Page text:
Saturday, 7 June 2008

Review: The John Steel Singers - The Beagle And The Dove

For those of you unfortunate enough to have missed out on the John Steel Singers' debut EP, The Beagle And The Dove is your chance to amend this. The mini-LP, which features all the tracks from the EP plus two/three new tracks, is a perfect introduction to Brisbane's fastest rising band.

The previous mentioned two/three new tracks is due to the inclusion of live favourite 'The Staged Intervention Of Poor Rich By His Righteous Peers' (b.k.a. 'Poor Rich'). Due to its extended length and intentions of it being a single, the band have chosen to record it in it's full length but break it up into the lyrical side of the track ('Poor Rich') and a coda, entitled 'Richard'. The two tracks combined result in the Singers' most accomplished song so far. Opening with a dreamy sequence complete with chimes and a bouncing bassline, 'Poor Rich' switches and swaps styles every thirty seconds or so. The result is a Sgt. Pepper-ish pop psychedelia that bursts at the seam with beautiful arrangements and clashing melodies. Marching drums, horns, dirty guitar, and choir-like vocals all pop up at one time or another during the song; indeed 'Poor Rich' could quite possibly contain the makings of 5 or 6 decent songs, but the Singers opt to mash it all together resulting in a pop collage unparrallelled in this day and age.

'Strawberry Wine' is next, clocking in at just over two minutes. The ode to passion pop is a simple yet severely contagious song, all woo-hoo-hoo's and soaring trumpet. 'Evolution', the second new recording on The Beagle And The Dove, is a much more complex song then those heard on the inital EP. Sounding like a long forgotten Dexy's Midnight Runners track, the bouncing bass line (courtesy of a combination of bass, double bass and trumpet) carrying the track along as the rest of Singers go harmony-crazy over the top.

The break-neck pace of 'Smashing The Speed Of Sound On An Empty Lake In Utah' is a nice counter-weight to the slower songs on the record. While the rest of the band don't miss a step on the song, special commendation has to go to the organ playing (provided either by Scott or Pete, I'm not certain) which adds a huge amount of urgency to the song. 'Submarines And Kayaks' manages to combine odd lyrics with even odder music, but the Singers manage to pull it off. Halfway through the band even throws a bit of continental European folk stylings, complete with accompanying accordian courtesy of Pat Elliott.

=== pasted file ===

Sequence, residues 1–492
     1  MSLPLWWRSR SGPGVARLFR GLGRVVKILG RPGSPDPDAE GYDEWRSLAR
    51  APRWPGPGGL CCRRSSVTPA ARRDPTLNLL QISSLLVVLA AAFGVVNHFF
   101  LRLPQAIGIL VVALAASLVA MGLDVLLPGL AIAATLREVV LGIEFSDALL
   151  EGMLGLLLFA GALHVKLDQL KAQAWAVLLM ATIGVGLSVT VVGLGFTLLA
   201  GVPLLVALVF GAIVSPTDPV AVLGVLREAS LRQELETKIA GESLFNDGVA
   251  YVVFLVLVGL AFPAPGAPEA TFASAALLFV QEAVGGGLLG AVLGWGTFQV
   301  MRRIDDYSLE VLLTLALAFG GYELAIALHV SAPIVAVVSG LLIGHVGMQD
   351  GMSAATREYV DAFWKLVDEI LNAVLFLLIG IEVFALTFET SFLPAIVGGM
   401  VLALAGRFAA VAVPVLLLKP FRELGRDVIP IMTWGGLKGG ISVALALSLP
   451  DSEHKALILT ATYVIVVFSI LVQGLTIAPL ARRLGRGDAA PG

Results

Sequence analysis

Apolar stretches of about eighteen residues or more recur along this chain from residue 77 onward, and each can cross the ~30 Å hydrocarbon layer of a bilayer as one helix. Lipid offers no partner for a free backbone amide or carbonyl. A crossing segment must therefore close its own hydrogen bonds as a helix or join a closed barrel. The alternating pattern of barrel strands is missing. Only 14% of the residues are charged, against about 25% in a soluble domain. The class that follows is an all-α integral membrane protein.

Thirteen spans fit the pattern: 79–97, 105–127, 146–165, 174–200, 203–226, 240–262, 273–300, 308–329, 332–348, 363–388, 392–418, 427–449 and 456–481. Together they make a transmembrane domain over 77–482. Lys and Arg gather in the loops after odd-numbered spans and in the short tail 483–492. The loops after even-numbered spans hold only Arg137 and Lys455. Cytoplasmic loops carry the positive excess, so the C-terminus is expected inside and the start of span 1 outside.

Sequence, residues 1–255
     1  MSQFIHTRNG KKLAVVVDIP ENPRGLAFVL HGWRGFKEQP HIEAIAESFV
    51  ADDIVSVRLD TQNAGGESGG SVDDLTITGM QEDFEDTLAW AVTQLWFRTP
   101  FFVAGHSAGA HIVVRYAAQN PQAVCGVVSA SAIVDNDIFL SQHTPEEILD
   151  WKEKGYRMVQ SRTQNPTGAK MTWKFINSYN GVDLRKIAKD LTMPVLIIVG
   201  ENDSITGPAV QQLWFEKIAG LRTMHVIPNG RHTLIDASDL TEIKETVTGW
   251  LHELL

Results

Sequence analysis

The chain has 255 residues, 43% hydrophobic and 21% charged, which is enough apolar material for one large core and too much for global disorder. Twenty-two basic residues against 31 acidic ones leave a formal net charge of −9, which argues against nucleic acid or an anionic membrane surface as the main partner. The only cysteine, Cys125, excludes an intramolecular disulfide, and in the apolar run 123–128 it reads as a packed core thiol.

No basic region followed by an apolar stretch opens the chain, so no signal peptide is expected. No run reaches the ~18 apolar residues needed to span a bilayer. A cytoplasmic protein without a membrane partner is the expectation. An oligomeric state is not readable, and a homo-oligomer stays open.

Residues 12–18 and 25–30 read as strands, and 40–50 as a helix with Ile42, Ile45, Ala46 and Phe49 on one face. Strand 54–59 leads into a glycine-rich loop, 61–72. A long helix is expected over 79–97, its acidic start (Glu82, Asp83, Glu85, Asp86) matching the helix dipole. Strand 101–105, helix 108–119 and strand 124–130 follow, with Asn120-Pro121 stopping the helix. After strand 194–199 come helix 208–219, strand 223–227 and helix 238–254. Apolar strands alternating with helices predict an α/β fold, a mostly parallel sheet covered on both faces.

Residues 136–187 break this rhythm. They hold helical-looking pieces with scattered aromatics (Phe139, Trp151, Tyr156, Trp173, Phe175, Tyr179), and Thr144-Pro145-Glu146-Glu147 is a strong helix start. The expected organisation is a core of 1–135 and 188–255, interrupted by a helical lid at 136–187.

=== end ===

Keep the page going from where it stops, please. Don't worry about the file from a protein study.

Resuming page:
Up next is the superb 'Tony Delaney'. Returning to the Sgt. Peppers vibe of 'Poor Rich', 'Tony Delaney' is an upbeat pop song with downbeat lyrics about a man's mid-life crisis ("He's got a wife and she's got nine lovers too/He knows, she brings them around for tea."). The Singers also throw in a nifty country-rock breakdown towards the end, seeminlgy so they can claim to have covered every pop style on the record. The closing song, 'Rhapsody In Red', showcases a band that, given a worldclass producer, could easily create a pop masterpiece. The start and stop melody keeps the listener guessing all through the song, while the honky-tonk piano keeps things slightly humourous with it's call and response play with the vocals (I think there may actually be some socket wrench in there somewhere too).

For those whose heard the John Steel Singers' debut EP, The Beagle And The Dove is worth the purchase purely on the strength of 'Poor Rich' and 'Evolution'. If you didn't hear that EP then you really have no excuse now. The Beagle And The Dove is half an hour of pure pop delight that will have you hitting repeat again and again.


Anonymous said...

Eh, you could say that. Or you could say they blow gotes.

Gav said...


Anonymous said...


Anonymous said...

Don't think gotes is a word mate